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The Little Stranger by Sarah Waters

Page history last edited by Susan G 13 years, 1 month ago

The Little Stranger by Sarah Waters

Riverhead Books  9781594488801   $26.95

May 2009


Plot: In post-WWII England, country doctor Dr. Faraday is summoned to Hundreds Hall to tend to the Ayres's lone maid. The maid claims that there's something in the house that is making her unwell. A man of science, Dr. Farady dismisses the girl's superstitions and tells Roderick Ayres and his sister Caroline that the girl will be fine with a little rest. Farady becomes a regular guest at Hundreds Hall, and is asked by Caroline and her widowed mother to intervene when Roderick begins displaying signs of madness. Roderick is institutionalized and the Ayres women begin to depend on Dr. Farady even more. Faraday develops an attachment to Caroline and proposes, but she realizes that she does not truly love him. Strange sights and sounds continue to disturb the residents of the once-grand house, eventually destorying them. The book ends inconconclusively, leaving the reader to specualte if Hundreds Hall was truly haunted and, if so, by whom.


General thoughts: I didn't realize that the book was supposed to be a ghost story until, after reading 200 pages, I finally read the book jacket. Waters is such a lovely writer that it was easy to read the 475 page book even when I wasn't sure why I was doing it.


I had a very difficult time with this book - it's kind of a cross between Kazuo Ishiguro's "The Remains of the Day" and Dorothy Macardle's "The Univited," and yet leaves the reader unfulfilled on both counts.  I suppose that might make it an interesting book for a book discussion since both the love story and ghost story gives ample room for supposition. (SG)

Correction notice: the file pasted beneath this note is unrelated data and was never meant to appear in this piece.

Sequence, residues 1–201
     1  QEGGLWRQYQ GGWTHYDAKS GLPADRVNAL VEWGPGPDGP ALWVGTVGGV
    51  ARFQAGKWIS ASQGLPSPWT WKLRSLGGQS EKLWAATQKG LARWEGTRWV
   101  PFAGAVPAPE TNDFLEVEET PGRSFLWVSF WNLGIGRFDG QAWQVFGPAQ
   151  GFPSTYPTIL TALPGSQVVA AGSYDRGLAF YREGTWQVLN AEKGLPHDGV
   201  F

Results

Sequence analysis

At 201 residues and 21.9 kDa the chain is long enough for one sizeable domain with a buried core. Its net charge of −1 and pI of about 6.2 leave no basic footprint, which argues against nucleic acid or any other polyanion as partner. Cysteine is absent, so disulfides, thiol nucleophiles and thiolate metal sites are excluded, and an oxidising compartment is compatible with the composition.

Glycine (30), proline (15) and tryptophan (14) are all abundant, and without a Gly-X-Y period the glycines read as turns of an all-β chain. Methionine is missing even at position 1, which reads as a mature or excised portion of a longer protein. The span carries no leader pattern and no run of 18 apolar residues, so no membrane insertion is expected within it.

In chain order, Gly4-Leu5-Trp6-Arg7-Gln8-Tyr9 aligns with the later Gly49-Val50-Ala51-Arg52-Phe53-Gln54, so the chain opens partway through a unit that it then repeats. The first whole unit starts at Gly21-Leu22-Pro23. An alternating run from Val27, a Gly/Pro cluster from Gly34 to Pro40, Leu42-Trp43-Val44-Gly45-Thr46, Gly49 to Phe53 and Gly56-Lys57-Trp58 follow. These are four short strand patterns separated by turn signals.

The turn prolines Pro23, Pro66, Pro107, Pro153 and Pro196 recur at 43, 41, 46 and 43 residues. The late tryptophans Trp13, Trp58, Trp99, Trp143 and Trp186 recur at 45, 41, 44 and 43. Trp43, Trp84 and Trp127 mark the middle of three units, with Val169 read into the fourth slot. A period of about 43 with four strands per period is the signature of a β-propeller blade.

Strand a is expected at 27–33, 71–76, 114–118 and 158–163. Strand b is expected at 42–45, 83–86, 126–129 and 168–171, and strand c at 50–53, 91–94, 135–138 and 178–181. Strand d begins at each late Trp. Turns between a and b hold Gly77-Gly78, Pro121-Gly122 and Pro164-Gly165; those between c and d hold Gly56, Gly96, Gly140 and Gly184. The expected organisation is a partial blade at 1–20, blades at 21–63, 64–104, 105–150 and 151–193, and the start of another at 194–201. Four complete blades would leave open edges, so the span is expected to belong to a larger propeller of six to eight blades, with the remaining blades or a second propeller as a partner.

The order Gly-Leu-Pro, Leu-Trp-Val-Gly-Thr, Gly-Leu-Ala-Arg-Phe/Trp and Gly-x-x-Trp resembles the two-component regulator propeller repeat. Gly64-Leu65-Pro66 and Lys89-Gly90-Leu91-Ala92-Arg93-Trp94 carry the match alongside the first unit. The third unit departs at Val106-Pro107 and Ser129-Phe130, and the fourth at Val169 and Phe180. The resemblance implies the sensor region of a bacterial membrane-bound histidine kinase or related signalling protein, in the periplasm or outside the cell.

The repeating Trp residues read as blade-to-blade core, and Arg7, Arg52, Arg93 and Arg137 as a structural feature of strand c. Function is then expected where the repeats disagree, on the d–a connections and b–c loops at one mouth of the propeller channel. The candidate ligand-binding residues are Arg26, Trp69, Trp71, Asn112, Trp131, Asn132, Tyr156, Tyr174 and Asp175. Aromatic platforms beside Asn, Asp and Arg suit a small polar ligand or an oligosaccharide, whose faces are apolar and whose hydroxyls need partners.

3 words/phrases that describe this book: Atmospheric, Domestic, Gothic.


Gothic works very well to describe this book, but I'd also include:  Drama of Manners, Disturbing, Moody  (SG)


This book is similar to: Patrick McGrath, Joyce Carol Oates, Phyllis Whitney


Would I suggest/to whom: Readers who like post-war domestic fiction and/or ghost stories. (Not Stephen King ghost stories--Henry James ghost stories.)


I don't think a lover of ghost stories would be fulfilled by a book such as this - I'd be more likely to recommend it to readers who prefer post-war domestic fiction or character dramas in an historical setting.  (SG)


Would this be good for a book discussion? Only if the group generally reads and likes long, historical, gothic novels.


There is certainly enough open for discussion on this book, but it reads rather ploddingly so it might frustrate readers before they could get to the discussion - it might be more interesting to include a book like this in an ongoing discussion rather than one final one after they have finished the book.  (SG)

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